[JACK KEOUGH] A Closer Look with
In almost every survey in which distributors are asked to identify their biggest concerns, the answers include the challenge of finding qualified people.
Our industry is a mature one, and careers in industrial distribution have been described as the world’s best kept secret.
Some colleges offering industrial distribution programs and
classes have seen growth with most of their graduates receiving
multiple job offers. The courses these students have taken include
everything from mechanical engineering, to sales and supply
chain integration. They are ready for jobs and careers in industrial
But how do we get entry-level students from high school to become interested and find out more about industrial distribution?
The ever–expanding Industrial Careers Pathway (ICP) program is
helping to fill that void.
The Alliance Partnership
ICP is an alliance of several leading trade associations: The American Supply Association (ASA); the Industrial Supply Association
(ISA) Education Foundation; NAHAD (the Association for Hose &
Accessories Distribution); NIBA (the Belting Association); the Power Transmission Distributors Association (PTDA) Foundation; and
– most recently – the National Association of Electrical Distributors
Each Alliance partner has a staff member and an association
member on the ICP Steering Committee who assists in the planning and development of the ICP initiative and advises on program components.
ICP says it addresses the need for skilled industrial distribution,
manufacturing sales, and customer service for today and tomorrow. ICP helps link students and job seekers through partnerships
with educators and job seekers.
Mary Jawgiel, ICP’s Program Director, says the challenge is to let
these students know there is such an industry as industrial distribution.
ICP representatives have appeared at trade shows, career fairs,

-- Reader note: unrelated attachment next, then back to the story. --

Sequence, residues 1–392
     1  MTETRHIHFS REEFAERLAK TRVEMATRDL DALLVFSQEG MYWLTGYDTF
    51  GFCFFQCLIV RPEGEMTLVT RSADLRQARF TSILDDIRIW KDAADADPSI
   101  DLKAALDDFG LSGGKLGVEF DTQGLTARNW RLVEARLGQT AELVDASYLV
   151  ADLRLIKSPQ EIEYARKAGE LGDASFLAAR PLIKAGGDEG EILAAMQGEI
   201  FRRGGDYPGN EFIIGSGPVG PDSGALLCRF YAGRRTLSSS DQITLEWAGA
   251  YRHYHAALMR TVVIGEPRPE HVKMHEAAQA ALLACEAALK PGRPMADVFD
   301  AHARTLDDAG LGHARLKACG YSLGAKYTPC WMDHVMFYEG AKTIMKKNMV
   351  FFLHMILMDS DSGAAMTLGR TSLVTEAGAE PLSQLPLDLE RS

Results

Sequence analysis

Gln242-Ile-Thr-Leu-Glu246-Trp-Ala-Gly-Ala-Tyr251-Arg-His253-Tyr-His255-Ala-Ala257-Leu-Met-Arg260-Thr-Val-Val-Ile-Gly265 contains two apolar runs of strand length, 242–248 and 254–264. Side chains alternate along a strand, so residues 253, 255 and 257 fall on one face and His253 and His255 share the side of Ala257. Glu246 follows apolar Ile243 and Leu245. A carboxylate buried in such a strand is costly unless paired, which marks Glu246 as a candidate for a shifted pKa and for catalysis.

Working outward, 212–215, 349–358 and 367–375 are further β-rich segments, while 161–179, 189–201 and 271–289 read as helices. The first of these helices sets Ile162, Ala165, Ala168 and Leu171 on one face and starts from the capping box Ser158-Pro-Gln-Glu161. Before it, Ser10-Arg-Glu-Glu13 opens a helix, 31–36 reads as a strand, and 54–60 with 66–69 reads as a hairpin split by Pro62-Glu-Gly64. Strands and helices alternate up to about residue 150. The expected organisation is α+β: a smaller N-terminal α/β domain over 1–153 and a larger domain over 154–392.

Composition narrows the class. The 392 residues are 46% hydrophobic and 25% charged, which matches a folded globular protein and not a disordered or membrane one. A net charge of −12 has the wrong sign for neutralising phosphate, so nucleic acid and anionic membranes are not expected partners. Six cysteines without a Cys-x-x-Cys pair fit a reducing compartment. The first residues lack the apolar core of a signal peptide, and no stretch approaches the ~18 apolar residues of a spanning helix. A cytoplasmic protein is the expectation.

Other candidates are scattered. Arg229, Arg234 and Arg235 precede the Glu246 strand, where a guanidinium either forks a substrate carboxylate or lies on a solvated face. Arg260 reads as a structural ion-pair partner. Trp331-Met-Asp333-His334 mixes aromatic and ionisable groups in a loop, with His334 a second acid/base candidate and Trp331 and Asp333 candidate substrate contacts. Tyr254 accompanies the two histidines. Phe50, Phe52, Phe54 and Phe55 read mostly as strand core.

and high school classrooms bearing the message that industrial
distribution can be a truly rewarding career.
“Almost everyone who comes into our booth at a show has no
idea what industrial distribution is,” she says. “That’s the message
we’re trying to get out, and help them find out more about what
a great industry it is. These students are starting to take notice.”
Jawgiel recalls one student coming into ICP’s booth when the
booth was being staffed by a representative of a large power
The student told them he wanted to go into aeronautical engineering. He was surprised to learn that the distributor’s customer
was a major aeronautical manufacturer. It was such a big account
that the distributor had a full-time person at the manufacturer’s
“You should have seen his eyes light up,” she says. “We want
to show young people that industrial distribution can be a ‘cool’
An Up-Close Understanding of Distribution
One way to get the message out is through tours of a distributor’s operation. Two classes from Simley High School in Inver
Grove, MN had the opportunity to tour either Motion Industries’
St. Paul branch in February, or BDI’s St. Paul branch in March.
Kim Sievert-DiSanto, an instructor, career discovery teacher, and
work coordinator, thought the tours were helpful as a first step in
getting the students to better understand the field of industrial
“Students did not quite understand how businesses interact
and work together; they thought the branch we visited was the
only location,” she said in an ICP press release. “They did not quite
understand that Motion Industries and BDI distribute products as
well as provide technical assistance. It was quite a learning experi-
ence for both classes.”
That is not surprising to Jawgiel, who notes how beneficial the
ICP Helps High School Students on
Right Distribution Path
Almost everyone who comes into our booth
at a show has no idea what industrial